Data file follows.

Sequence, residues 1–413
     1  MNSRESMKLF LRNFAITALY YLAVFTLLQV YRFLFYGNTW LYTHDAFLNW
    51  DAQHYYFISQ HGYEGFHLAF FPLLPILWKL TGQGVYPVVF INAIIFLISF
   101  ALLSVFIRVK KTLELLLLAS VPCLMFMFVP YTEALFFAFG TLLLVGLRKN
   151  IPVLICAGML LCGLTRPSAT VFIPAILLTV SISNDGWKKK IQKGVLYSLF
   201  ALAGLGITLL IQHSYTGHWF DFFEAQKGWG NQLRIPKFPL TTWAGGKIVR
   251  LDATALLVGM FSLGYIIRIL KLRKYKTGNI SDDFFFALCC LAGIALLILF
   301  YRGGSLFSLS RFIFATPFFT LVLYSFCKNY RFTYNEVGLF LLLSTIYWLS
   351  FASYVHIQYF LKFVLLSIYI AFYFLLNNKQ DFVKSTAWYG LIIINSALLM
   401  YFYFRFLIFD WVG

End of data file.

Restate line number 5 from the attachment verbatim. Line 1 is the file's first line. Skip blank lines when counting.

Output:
   151  IPVLICAGML LCGLTRPSAT VFIPAILLTV SISNDGWKKK IQKGVLYSLF